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John Daley had already signed the leases for off-campus apartments for his two children attending Michigan State University when the institution changed its mind. On Aug. 18, just a few weeks before classes will begin, the university switched to remote instruction for fall semester and encouraged all undergraduate students to stay home.

“We’re told up until two days (before the switch) that they were opening and students can plan on coming to campus,” he said. “There’s the rub, because of the school’s prior communication about opening, students and parents committed and signed leases months ago.”

Daley said that there is no way to break the lease with private landlords. All in all, he’s on the hook for around $15,000 for rent and utilities for two apartments. “In my case I can cover it because I’m fortunate, but in many cases families can’t, and it’s a real issue,” he said.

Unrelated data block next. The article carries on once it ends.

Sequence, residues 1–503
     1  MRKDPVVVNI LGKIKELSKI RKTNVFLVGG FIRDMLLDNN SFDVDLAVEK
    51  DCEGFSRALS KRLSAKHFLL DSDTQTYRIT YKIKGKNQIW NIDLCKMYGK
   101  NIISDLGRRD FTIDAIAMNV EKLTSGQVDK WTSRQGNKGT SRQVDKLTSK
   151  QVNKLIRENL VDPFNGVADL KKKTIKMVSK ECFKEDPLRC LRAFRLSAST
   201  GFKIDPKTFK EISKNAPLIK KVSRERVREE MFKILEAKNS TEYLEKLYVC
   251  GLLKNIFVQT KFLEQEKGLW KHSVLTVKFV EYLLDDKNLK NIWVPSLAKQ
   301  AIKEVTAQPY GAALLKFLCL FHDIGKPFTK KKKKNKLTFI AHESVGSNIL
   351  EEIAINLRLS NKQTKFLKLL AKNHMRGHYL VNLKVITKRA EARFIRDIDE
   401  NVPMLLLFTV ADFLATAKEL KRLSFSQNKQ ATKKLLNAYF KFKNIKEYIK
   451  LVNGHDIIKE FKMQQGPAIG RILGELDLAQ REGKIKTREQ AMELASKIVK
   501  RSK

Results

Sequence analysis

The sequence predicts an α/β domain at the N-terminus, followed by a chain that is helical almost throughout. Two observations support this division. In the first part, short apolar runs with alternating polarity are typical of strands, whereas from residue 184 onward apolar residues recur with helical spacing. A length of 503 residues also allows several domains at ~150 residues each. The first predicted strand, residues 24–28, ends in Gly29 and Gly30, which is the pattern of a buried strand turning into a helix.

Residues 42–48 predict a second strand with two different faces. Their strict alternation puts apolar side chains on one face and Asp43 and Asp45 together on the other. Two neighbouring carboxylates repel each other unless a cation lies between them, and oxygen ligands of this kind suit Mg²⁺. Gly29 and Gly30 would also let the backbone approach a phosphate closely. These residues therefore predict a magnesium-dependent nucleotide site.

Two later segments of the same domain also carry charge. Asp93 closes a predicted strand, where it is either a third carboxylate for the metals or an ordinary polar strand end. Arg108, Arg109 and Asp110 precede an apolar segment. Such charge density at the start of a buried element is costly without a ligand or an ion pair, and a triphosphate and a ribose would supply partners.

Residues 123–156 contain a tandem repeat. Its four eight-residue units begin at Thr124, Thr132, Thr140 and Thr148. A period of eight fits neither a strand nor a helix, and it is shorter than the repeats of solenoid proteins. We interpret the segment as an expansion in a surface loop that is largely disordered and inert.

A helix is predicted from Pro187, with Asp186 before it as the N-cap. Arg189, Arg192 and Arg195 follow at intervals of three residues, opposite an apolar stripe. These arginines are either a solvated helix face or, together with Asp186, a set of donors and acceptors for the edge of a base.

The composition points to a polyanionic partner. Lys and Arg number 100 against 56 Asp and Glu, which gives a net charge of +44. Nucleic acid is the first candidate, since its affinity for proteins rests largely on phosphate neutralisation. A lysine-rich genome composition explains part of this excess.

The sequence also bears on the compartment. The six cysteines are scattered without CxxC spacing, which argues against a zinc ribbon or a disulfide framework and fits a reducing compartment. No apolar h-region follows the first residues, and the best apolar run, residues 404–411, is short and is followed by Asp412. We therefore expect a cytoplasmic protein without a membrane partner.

It’s an issue that could affect tens of thousands of students in college towns around the country. In recent weeks, a handful of universities where many students live off-campus, including Johns Hopkins and the University of Massachusetts-Amherst, have canceled most in-person instruction.